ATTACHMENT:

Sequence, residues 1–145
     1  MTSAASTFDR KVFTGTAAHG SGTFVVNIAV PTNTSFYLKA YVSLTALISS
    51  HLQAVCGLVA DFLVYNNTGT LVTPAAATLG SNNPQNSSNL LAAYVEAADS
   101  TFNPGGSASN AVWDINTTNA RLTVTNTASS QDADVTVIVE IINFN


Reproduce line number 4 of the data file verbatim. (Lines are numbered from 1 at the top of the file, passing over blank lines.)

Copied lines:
   101  TFNPGGSASN AVWDINTTNA RLTVTNTASS QDADVTVIVE IINFN